Shop clothes will not be the same any more in the post-crisis

Magasiner des vêtements ne sera plus pareil dans l'après-crise

Magasiner des vêtements ne sera plus pareil dans l'après-crise

Shop clothes will not be the same any more now, according to experts.

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May 20, 2020 18h34

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Shop clothes will not be the same any more in the post-crisis

Melissa Couto

The Canadian Press

It wasn’t so long – three months, in fact -, to buy her clothes was a relatively simple: you walk into a store, try a few items, we take what we like and leave the rest to the cashier. That was before the SARS-CoV-2.

While retail stores are starting to reopen their doors to the country, some additional steps will be added to the”customer experience”. Get in the queue before entering the store, if spraying hand sanitizer once inside and follow the markers of distancing physics are now commonplace to ensure the safety of clients and staff.

But experts say that there is always a risk of the new coronavirus during her shopping. “If a lot of people are manipulating the articles – and this will be the case, then yes: it could be a problem,” admits Satinder Kaur Brar, an expert in environmental biotechnology and in decontamination at York University, Toronto.

Diane Brisebois, CEO of the canadian Council of the retail trade, says that the stores that do double duty on the training of their personnel to disinfect the sensitive areas, such as the terminals of the fund, after the passage of each client, as well as a “sanitation strict and regular” surfaces in the store.

Yes, but what about the clothes themselves? Contact with clothing can be classified into two types, ” explains Colin Furness, an epidemiologist at the University of Toronto: the navigation relaxed, during the search of his size, and the more intimate contact, during the fitting.

Because the virus does not live as long on soft materials or porous only on hard surfaces, the professor Furness admits that the clothes are generally safer. But if we touch each hanger traversing the rays, we can manipulate the zippers or the buttons, trying a article, so here it is another pair of sleeves.

“On the zipper and the buttons, you can expect the virus to survive for more than a day,” said Mr Furness.

Magasiner des vêtements ne sera plus pareil dans l'après-crise

Get in the queue before entering the store, if spraying hand sanitizer once inside and follow the markers of distancing physical will be commonplace.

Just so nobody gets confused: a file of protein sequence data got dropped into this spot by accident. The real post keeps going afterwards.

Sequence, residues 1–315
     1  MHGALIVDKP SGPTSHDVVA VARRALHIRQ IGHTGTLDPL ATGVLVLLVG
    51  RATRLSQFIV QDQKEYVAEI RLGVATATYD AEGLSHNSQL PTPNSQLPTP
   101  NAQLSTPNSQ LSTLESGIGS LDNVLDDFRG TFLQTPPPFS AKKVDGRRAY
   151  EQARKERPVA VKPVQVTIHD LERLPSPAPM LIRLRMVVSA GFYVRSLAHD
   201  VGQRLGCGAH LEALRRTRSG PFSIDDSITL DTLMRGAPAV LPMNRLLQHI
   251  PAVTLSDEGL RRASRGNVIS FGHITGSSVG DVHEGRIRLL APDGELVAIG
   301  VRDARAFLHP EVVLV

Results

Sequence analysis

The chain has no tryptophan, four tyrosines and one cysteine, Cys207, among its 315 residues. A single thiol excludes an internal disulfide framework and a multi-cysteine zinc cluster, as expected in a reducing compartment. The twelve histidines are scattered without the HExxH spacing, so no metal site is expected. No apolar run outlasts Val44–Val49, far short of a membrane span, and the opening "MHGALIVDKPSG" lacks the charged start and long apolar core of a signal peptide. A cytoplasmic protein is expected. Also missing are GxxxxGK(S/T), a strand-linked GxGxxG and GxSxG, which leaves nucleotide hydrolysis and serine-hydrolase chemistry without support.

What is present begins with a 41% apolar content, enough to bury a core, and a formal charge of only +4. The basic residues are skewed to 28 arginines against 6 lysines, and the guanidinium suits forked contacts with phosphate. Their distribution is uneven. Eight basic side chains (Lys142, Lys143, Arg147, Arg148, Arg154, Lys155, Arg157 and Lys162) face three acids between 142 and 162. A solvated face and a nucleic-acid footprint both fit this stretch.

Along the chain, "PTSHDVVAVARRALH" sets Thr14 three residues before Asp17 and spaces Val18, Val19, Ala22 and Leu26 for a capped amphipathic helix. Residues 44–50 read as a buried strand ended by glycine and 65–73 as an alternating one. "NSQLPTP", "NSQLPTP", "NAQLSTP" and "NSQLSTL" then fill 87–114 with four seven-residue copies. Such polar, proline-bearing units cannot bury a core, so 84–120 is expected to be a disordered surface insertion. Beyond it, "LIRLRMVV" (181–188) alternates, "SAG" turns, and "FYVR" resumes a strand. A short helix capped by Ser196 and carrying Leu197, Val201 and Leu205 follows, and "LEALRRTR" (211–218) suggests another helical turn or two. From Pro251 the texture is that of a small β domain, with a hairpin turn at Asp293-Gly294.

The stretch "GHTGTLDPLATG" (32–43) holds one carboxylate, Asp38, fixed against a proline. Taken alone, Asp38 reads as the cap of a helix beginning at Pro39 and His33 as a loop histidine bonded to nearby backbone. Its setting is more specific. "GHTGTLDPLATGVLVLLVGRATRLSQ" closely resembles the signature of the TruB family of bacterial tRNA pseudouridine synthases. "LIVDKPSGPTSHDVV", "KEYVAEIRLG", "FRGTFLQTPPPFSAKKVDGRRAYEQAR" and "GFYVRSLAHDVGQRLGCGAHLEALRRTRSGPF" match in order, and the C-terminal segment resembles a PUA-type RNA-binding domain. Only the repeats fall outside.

AFP Chandan Khanna

Most retailers allow their customers to try on clothes, though, to Roots, for example, does not. According to Ms. Brisebois, the ability of the fitting rooms will be reduced by half to ensure a separation physical in this corner of the store.

The cleaning of the changing rooms is also of great importance. “The employees will disinfect the cabin after each guest”, says Ms. Brisebois. The stores will also “quarantine” the clothes that have been tried, or give them a quick steam before putting them back in the store.

Here’s what the experts think some of these security measures promised by the stores:

The quarantine

Most stores in Canada want to quarantine their clothing for 24 to 72 hours. Mr. Furness is estimated that a period of a day constitutes a “reasonable precaution”.

Professor Brar, it, favours the precautionary principle, because we do not know how long the virus can survive on different types of fabrics. A quarantine of one day, it may be sufficient for the cotton, but not necessarily for the synthetic fabrics. “I suppose a week would be adequate – five days”, she suggested.

The steam blow

Ms. Brar believes that this would be something “effective” because viruses aren’t a fan of the humidity.

Mr. Furness is okay, but it reminds us that we do not know at what temperature and for how long it should be done before the virus is disabled. But he qualified this killing of”pretty impressive”.

“I would have liked to have a little bit more research to confirm ( … ), but in theory, I would say that it should be lethally effective.”

The gloves

The experts agree that ask employees or clients to wear gloves when shopping, would not be very effective to prevent the spread of the coronavirus.

Professor Brar recalls that the gloves may actually carry the virus on other surfaces, in particular when they are used for long periods of time.

Mr. Furness thinks that the gloves are problematic, because they cannot be disinfected. By contrast, the hands, they may be: he would prefer in fact that people wash their hands regularly.

Articles less accessible

According to Ms. Brisebois, the majority of traders move items behind the counter or in a display plexiglas: employees will be able to provide customers with the items they want to see it more closely, then disinfect afterwards.

The counters of makeup change, too, ” says Ms. Brisebois: the stores put up a video technology in order to replace the samples that would normally be used by customers to try a product.

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